It was then, that I had an idea if the student was wide awake and just listening to music in the dark why not have the student try to focus on his studies. I suggested this was a great time to spend reading the course material and applying this to your writing. It will change the thoughts and behavior of just sitting alone with unhealthy thoughts in the dark. The student said he never thought about doing school work when he cannot go back to sleep from ongoing nightmares and reliving combat experiences. I also encouraged him to talk with his therapist about the idea and make sure that the mental health care provider thought this was a good idea.
A few days later when I entered the class, I saw that the student was actively engaging in the class assignments and responding to his learning peers. I could also see the timestamps of when he was working (3:00-4:40 AM). The students work was much improved and his engagement was stellar, and going above the assignment expectations and required number of postings. I emailed the student and he responded that he enjoys working on his school work when he cannot sleep.
Towards the end of the class the student sent me an email and it took me awhile to fully read and comprehend the impact that I had on my learning partner. The student told me that he is now sleeping through the night. He told me that he shared with his VA support group how he has turned the corner by finding alternative ways of coping when he could not sleep through the night by doing school work. He even joked that his therapist wanted to know what VA center I worked because this suggestion moved him forward in his treatment.
The bottom line was by having compassion and understanding of how PTSD was affecting my student, together we came up with a plan to stay focused and reduce stress.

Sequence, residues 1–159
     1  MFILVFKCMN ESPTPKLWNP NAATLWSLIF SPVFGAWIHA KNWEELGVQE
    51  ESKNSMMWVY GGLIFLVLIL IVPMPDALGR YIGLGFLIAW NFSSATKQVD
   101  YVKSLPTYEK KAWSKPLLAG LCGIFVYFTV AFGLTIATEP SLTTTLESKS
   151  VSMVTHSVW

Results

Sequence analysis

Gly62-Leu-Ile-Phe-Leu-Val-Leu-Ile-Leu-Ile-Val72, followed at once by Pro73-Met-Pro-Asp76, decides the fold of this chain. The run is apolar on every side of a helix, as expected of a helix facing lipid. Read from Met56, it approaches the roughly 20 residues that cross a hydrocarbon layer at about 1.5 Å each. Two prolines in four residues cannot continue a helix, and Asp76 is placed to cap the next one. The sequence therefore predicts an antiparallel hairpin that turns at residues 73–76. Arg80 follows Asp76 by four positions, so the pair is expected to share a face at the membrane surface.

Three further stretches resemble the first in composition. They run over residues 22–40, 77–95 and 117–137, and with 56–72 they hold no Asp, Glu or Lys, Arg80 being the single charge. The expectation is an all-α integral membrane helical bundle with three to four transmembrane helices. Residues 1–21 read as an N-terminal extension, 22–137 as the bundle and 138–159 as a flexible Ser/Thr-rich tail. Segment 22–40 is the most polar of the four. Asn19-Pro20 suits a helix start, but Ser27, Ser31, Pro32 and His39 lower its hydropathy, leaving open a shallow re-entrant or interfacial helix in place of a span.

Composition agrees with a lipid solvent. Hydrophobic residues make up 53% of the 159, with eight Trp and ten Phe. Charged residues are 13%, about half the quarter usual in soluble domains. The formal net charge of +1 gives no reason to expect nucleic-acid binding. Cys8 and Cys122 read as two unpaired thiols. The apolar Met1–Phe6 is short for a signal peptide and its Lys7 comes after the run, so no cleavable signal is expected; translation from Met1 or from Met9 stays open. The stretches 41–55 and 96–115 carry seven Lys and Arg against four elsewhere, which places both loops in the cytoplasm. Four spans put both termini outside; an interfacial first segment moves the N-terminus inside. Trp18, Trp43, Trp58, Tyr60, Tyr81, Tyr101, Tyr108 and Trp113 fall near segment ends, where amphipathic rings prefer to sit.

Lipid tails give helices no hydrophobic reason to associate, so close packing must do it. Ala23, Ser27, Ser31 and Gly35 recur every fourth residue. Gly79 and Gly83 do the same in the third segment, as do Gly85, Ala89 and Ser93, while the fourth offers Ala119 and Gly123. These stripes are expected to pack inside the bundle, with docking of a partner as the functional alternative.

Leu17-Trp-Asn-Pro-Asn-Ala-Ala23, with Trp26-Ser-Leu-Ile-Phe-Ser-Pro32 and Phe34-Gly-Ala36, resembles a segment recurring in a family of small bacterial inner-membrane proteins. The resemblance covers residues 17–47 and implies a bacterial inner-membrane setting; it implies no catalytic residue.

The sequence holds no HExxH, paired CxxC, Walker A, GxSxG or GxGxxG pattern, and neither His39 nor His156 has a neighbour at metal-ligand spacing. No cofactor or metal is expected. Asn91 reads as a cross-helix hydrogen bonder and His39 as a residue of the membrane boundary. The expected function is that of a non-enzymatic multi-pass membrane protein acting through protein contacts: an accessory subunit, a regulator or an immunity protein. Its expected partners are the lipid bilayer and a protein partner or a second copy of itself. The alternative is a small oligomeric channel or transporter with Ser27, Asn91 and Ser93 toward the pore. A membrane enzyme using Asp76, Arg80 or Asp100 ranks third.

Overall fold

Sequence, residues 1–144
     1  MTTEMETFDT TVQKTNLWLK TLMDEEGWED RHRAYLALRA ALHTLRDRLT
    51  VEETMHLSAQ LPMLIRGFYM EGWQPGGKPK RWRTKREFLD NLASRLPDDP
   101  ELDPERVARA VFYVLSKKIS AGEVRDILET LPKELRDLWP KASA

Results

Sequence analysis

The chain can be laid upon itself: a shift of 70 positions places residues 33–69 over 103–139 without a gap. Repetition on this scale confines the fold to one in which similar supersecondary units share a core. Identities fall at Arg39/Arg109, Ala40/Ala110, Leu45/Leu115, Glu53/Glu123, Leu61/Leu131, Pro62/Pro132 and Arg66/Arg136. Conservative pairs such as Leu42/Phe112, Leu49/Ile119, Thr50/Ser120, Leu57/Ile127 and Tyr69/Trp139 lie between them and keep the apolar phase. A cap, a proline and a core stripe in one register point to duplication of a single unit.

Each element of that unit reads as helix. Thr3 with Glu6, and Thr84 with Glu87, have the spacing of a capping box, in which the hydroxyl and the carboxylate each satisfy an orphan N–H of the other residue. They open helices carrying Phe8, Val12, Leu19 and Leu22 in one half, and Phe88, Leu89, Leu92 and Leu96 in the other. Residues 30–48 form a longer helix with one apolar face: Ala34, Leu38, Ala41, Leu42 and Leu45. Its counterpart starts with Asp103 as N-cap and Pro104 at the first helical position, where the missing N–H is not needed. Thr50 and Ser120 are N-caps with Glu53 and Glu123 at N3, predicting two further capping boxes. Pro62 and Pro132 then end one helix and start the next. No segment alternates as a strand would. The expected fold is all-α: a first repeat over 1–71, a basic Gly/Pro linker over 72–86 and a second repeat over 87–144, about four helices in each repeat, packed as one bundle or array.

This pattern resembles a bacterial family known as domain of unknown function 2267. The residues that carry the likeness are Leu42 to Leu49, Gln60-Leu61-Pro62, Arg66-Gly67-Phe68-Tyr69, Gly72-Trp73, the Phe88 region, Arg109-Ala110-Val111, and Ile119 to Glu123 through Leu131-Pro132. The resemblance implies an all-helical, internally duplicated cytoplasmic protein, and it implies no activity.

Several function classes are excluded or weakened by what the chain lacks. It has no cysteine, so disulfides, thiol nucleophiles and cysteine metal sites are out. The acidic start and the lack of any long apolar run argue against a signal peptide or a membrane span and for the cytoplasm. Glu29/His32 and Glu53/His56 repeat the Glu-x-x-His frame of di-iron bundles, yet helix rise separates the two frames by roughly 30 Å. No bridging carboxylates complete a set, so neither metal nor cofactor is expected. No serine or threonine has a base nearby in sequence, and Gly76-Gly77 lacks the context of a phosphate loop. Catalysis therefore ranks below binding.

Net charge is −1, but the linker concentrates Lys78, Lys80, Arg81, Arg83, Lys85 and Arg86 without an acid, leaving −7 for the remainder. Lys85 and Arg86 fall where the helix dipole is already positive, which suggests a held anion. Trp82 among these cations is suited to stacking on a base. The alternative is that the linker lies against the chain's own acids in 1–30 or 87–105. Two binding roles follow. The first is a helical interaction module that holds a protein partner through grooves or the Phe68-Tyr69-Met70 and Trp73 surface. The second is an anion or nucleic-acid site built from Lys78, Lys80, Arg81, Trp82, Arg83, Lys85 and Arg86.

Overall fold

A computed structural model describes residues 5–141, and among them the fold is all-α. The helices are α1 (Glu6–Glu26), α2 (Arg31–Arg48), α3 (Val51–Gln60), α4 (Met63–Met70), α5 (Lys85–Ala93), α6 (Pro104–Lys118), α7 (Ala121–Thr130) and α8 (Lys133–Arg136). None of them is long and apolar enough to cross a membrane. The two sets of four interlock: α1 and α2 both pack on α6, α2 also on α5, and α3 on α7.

Our class has been over for a while and the student stays in contact with me giving me updates as he is closing in on his goal of earning his undergraduate degree.
Teaching is not all about lectures, quizzes, exams, and grading papers. It is about getting to know your adult learners and working a plan for success. The student still is active in his own PTSD therapy and he told me he has found his passion now to help others suffering from PTSD. My student says I helped him turn the corner by just listening and offering a new study strategy.
I have worked with several other PTSD scholars and we have made progress together.
In reality this warrior scholar inspired me to continue trying to help our military, veterans, and first responders who have PTSD continue their education as they recover from their service related invisible wounds.
If you have any suggestions that can help students with PTSD please feel free to share.
About the Author
Mark Bond has worked in law enforcement and has been a firearms instructor for more than 33 years. His law enforcement experience includes the military, local, state and federal levels as a police officer and criminal investigator. Mark obtained a BS and MS in criminal justice, and M.Ed in educational leadership with Summa Cum Laude honors. As a lifelong learner, he is currently pursuing a doctoral degree in education (EdD) with a concentration in college teaching and learning. Mark is currently an assistant professor of criminal justice at a university and adjunct professor of administration of justice studies at a community college.